UTA seems not to understand the difference and is pretending to be experts at streetcars, when neither they nor their consultants have ever planned a streetcar route.Unless you count the Sugar House Streetcar or the San Francisco F-line streetcar...
Some are merely ignorant:
..It brings revitalization within two blocks of the rails....All the data on streetcar revitalization is based on a study done in Portland five years ago. Damn the souls of the consultants who did so, for using blocks as a metric instead of feet. Forever after, everyone else is condemned to making the distinction that Portland blocks are ONLY 200 feet long, which is about 1/3 the distance of an Ogden block.
Some are inane.
The benefits of fixed-rail street cars moving in an existing traffic lane are well-proven in other cities, and are a cost effective way to rejuvenate existing neighborhoodsNote that he/she mentions no specific cities or street-care lines. Very few streetcar lines have actually been built, and even fewer studies done on their rejuvenation effects. To my knowledge, precisely three. All cite the presence of large parcels of underutilized industrial land and/or rundown low density residential as being critical. Having visited Portland prior to the streetcar renaissance, I can guarantee it had plenty of the former.
Admittedly, some people had thoughtful things to say:
The last I heard the proposed route is 36th Street. This is a two-lane but extremely busy route across town. To interfere with this WSU traffic artery would be foolish. House on both sides of the street would have to be moved, since the last time this street was widened the road was moved to to only a few feet from front doors. There is nowhere to expand without destroying houses. 24th, 25th and 26th street are already wide enough for a trolley line. Population downtown is more concentrated that at the south end of town.What is missing in his calculation is the section of Harrison between 25th and 27th, which is too narrow to both keep UDOT's lanes for cars AND a streetcar, thus requiring the taking of historic properties.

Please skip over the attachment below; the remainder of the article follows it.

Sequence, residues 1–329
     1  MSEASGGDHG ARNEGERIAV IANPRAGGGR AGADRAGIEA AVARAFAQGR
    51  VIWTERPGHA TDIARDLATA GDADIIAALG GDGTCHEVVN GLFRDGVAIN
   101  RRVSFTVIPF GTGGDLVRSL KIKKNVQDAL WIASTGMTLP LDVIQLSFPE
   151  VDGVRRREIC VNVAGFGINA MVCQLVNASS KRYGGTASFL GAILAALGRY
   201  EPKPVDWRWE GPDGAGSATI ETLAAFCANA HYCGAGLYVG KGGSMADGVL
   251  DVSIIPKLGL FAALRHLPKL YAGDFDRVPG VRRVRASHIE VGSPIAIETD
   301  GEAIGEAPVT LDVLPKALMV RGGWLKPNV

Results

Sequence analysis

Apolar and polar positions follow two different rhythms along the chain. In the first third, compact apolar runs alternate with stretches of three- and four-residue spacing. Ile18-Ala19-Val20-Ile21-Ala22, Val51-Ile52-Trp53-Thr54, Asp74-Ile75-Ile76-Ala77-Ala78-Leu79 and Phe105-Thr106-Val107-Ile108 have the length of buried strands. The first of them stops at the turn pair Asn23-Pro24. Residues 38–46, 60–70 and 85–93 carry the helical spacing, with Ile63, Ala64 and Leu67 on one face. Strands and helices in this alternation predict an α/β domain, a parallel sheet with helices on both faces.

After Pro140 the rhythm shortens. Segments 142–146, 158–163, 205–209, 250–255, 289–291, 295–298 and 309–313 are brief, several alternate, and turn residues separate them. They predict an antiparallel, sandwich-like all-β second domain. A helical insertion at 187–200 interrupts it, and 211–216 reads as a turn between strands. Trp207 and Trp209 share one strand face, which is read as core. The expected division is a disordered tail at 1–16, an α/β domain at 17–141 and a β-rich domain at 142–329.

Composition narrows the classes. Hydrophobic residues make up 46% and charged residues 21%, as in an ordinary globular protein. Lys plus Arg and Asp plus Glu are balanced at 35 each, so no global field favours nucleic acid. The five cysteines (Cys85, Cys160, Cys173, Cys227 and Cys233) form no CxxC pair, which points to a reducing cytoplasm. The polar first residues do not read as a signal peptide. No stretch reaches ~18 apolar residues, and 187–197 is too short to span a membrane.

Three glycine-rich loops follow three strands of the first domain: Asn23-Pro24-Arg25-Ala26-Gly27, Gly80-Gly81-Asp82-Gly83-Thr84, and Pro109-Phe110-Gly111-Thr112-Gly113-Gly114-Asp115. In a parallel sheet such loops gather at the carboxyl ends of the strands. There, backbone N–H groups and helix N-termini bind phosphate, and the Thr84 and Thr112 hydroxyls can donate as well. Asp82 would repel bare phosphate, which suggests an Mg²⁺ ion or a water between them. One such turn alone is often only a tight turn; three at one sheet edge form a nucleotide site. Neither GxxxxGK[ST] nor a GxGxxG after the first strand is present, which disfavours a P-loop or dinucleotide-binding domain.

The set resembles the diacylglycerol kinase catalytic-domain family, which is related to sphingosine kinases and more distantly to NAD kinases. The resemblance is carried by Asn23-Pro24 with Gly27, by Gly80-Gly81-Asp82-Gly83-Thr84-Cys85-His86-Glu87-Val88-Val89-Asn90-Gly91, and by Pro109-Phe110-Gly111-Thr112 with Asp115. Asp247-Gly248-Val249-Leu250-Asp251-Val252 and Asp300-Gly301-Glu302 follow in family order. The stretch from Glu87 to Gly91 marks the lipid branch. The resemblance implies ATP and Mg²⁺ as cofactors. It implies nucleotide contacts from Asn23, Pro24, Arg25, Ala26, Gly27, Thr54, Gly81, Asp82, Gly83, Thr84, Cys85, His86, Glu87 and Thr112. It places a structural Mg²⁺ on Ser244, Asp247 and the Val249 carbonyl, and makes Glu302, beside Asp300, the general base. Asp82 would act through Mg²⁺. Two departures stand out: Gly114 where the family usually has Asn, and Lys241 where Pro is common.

Some are just blatantly wrong:
UTA is promoting a design that drastically over-engineers the guideway. The projections they are using are almost twice the cost of what they should be ($12-15 mil. per mile).That cost estimate comes from a redevelopment project in Kenosha, Wisconsin used to redevelop an automotive plant, and was built on donated right of way, around a public park, and is totally devoid of expensive intersection crossings. It is also notable that a) The Kenosha streetcar is no longer operating; and b) the total ANNUAL ridership of the streetcar totaled about 67,000---about the same as the WEEKLY ridership for the Portland Streetcar. Kenosha built the street-car on the cheap, and is paying the price for it. Estimates for other modern streetcar systems have come out at a very similar cost/mile of $22-30 million per mile.
This one made me think:
The guideway needs to be fixed, but according to the Obama admin. guidelines, it does not need to be exclusive to the streetcar- there is no need for a separate travel lane- but w/ the streetcars operating in the same lane as cars. This is how street cars work- in the flow of traffic- this is not light rail.On one level, he/she is right--there is no 'need' for a streetcar to have a separate travel lane. It works in Portland. But it works in Portland because it has 200' long blocks, so a parallel street is never more than 200' away. And as time goes by, Portland is increasingly moving toward dedicated guideway, using 'Bus-Only streets', and prohibiting turns across the light-rail/streetcar lines.